New year, new experiences, and I decided to start The New 52 Project off with a bang. Or rather, a splash. This year I took part in a long standing New Year’s Day tradition – The Polar Bear Swim.
I’d toyed with the idea of participating in a Polar Bear Swim for a few years now. In the week leading up to the event I would always psych myself up, telling myself how much fun it would be. Inevitably, once the day actually arrived, I was too lazy, or otherwise worse for wear, to make this particular dream a reality. This year, with my new project foremost in my mind, I found the impetus I needed. Also I made the mistake of nonchalantly of sharing the details of my swim with various friends, coworkers, and family members as though it was a foregone conclusion, so I couldn’t easily back out without looking like a wuss.
Vancouver’s official Polar Bear Swim takes place Downtown on English Bay. Thousands of people congregate every year to take part; however, not relishing the idea of a long, soggy bus journey, I decided to do a solo swim on a beach closer to home. This meant of course that I would miss out on the Commemorative Polar Bear Swim Club button, but I was never in this for the glory.
That’s not to say I didn’t have spectators. On the contrary, I had a veritable entourage of well wishers. Namely my husband, my in-laws, and my dog.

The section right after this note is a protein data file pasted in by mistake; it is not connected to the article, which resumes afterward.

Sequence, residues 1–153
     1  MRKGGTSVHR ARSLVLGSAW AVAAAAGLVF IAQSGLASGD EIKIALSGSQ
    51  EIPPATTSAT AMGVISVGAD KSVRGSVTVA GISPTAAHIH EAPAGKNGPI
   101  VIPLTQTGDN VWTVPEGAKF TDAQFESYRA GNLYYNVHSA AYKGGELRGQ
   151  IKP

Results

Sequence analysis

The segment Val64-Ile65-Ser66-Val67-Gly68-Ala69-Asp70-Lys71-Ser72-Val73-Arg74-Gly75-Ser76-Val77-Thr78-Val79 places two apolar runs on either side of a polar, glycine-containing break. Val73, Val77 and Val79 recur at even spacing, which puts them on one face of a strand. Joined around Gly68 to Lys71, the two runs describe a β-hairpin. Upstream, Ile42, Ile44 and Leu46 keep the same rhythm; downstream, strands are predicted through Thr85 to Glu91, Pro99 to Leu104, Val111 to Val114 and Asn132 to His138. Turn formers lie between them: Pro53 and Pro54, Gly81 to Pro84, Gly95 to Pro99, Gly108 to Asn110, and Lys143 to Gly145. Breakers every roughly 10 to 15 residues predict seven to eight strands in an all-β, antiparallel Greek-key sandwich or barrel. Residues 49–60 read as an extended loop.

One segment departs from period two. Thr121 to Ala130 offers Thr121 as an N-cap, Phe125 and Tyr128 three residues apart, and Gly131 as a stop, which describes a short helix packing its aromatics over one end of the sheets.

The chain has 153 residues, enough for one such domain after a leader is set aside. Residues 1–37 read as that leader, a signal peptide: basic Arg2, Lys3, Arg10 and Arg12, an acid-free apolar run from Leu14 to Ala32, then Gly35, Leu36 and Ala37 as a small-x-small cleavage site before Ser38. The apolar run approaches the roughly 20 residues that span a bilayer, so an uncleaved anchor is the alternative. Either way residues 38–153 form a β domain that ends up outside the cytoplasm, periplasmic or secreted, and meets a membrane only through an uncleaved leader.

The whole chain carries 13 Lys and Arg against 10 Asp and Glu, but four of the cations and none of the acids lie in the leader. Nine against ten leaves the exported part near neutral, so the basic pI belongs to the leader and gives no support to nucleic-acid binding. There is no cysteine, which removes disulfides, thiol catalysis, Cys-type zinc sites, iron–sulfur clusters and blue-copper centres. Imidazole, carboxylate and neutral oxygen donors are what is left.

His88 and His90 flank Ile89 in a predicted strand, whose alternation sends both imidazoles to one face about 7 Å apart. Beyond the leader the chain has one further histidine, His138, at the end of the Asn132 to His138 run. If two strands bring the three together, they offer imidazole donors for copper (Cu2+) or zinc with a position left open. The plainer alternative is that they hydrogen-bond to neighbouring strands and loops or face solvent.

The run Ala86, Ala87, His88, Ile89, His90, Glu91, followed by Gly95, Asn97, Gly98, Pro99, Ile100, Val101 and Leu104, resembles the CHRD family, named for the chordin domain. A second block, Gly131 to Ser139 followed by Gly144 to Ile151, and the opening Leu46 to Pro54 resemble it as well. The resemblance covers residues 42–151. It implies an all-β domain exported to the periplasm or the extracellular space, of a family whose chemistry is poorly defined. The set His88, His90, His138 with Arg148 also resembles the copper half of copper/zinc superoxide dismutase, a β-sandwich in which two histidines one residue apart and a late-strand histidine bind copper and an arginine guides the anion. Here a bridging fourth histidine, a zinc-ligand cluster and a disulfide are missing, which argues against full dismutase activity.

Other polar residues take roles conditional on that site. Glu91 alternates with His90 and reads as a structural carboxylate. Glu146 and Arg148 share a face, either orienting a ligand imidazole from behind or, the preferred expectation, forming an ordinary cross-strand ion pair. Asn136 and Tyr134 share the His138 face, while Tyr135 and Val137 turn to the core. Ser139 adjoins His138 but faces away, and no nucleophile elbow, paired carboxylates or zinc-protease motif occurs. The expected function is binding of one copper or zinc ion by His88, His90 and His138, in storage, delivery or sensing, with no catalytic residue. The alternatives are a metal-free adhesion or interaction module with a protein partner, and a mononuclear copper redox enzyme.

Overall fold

As we marched purposely across the sand, my gut started to contract with nervous excitement, and possibly a little anxiety. I was already feeling chilly under my many layers, and I wasn’t even wet yet. What if I got in up to my ankles and my legs refused to carry me out any further? Would that still count? Worse, what if they seized up whilst I was further out at sea and unable to touch the bottom? I knew that seals frequented the bay. Would they take kindly to a strange, flailing land mammal in their midst? I decided it was best not to over think it, and started peeling off my clothes, flinging them unceremoniously at my poor mother-in-law for safekeeping. Although, to her credit, she made an excellent coat stand.
Soon I was down to my bikini and yoga pants, which I wore in the vain hope that they would offer some kind of insulation against the cold. At the very least they would shield unsuspecting onlookers from the sight of my pasty, English bottom bouncing towards the water, post-Christmas binge. (You’re welcome, fellow beach-goers). It was time.
I shot towards the water like an arrow. If the archer had been a beginner with questionable upper body strength. And possibly vertigo.
Within seconds I hit the water and… it was actually quite pleasant.
Encouraged, I kept wading in until it was deep enough to swim and launched forward into breast stroke, aka the ‘Keep-your-head-dry’ stroke. Try as I might, I couldn’t bring myself to duck my head under the murky water. I blame my highly attuned survival instinct.
I was starting to enjoy myself, but it wasn’t very long before my extremities started to feel a little numb, and I suspected that I should probably leave the water before my limbs got too heavy. So, buoyed up by pride and the sudden realisation that I was really flipping cold, I headed back to shore. I emerged gracefully from the water, reminiscent, I’m sure, of a Bond girl. Perhaps a young Ursula Andress, or Halle Berry.
VERDICT: I really enjoyed my New Year’s Day dip in the Pacific. Next year I may even brave the journey to English Bay to do the official swim. Partly because I think the atmosphere would be amazing, but mainly because I really want that damn commemorative button.